Don’t Let the Roof Cave in on Housing Costs
Can you cover the cost of home repairs without busting your budget?
Housing costs make up more than 30 percent of the average budget. That means about one third of your family income is used to ensure you have a roof over your head – covering everything from mortgage payments to insurance and HOA fees and even your home decorating budget. Unfortunately, a new study finds many Americans are unprepared when that head-covering roof starts to leak.
According to a new infographic from HomeServe USA, 25 percent of American households have no money set aside to cover the cost of emergency home repairs. Of those who do have savings, over half (52%) have less than $1,000 saved for these kinds of unexpected expenses. Unfortunately that may not be enough, depending on the type of emergency you might face. So while you’d easily be able to cover a leaky faucet repair that costs $97 to $330 on average, hiring someone to fix issues caused by ice damming could eat through your emergency fund with a high-end cost of over $1,300.
And when you consider the most common types of home repairs that consumers faced in the last year, it’s sadly often not the little things that usually end up breaking:
- Faulty heating or air conditioning system
- Blocked / overflowing toilets
- Blocked / overflowing sinks
- Leaking water
- Faulty electrical circuits
- Issues with water heater
Keep in mind that almost half of homeowners (48%) experienced some type of emergency in the past 12 months. So chances are fairly good you’ll be shelling out at least a few bucks on home repairs in the near future.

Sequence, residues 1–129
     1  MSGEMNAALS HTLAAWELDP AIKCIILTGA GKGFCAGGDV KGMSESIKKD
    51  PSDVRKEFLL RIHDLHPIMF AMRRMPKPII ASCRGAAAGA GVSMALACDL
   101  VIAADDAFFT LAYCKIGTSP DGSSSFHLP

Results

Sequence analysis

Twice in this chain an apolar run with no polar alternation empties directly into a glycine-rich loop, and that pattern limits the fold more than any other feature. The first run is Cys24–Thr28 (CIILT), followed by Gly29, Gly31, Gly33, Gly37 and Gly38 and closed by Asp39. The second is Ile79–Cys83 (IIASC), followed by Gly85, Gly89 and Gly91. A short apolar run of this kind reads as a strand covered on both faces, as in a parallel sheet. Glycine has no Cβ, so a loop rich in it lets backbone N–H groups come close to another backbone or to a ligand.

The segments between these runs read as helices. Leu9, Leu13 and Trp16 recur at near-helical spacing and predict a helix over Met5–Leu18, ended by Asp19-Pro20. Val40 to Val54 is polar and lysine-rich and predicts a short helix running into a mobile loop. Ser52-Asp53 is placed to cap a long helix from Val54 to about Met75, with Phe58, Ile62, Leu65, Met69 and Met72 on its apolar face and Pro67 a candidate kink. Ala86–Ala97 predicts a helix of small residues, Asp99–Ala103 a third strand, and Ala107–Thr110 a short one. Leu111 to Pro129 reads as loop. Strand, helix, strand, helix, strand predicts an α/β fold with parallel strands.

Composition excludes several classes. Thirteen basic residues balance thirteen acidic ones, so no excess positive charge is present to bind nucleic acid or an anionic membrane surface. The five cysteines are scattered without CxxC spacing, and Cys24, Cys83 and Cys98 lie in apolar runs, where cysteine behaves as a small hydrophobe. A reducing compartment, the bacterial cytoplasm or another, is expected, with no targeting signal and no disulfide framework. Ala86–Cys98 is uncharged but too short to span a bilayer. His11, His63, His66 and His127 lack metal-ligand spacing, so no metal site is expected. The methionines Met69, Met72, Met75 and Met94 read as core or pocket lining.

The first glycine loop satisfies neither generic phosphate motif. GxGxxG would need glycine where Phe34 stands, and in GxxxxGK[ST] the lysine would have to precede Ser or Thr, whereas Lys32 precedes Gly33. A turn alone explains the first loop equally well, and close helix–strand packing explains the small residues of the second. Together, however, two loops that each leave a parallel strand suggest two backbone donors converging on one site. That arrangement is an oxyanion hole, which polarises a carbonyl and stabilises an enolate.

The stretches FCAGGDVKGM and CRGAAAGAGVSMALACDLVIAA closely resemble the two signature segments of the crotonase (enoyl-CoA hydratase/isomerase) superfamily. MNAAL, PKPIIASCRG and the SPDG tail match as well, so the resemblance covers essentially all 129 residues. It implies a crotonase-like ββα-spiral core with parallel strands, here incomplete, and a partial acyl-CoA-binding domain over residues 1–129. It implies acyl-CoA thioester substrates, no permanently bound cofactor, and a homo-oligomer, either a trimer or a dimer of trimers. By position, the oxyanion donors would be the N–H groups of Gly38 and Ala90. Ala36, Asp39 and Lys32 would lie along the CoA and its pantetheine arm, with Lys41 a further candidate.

“One-off expenses like home repairs have a high tendency to lead to financial trouble if you aren’t prepared,” says Gary Herman, president of Consolidated Credit. “That’s why it’s so critical to have an emergency fund on hand in case something breaks. Otherwise, you wind up with more high-interest credit card debt you have to pay off.”
With essentially a 50/50 chance that you’ll have a home repair sometime in the next 12 months, it’s in your best interest to start an emergency fund. This is a set amount of money you leave in your savings account (so it doesn’t get spent in checking) that you can use if something breaks or you have an unexpected expense. At minimum, you should aim to have at least $1,000 in your fund – although more is better to cover bigger emergencies or those times when everything seems to break all at once.
“There’s solid wisdom behind the adage that you should save for a rainy day,” Herman encourages. “Otherwise, a rainy day can turn into a deluge when you end up paying interest charges on an expensive repair you had to put on a credit card.”
If unexpected emergencies are causing issues with your budget, we can help. Call Consolidated Credit today at or complete an online application to request a free, confidential debt and budget evaluation from a certified credit counselor.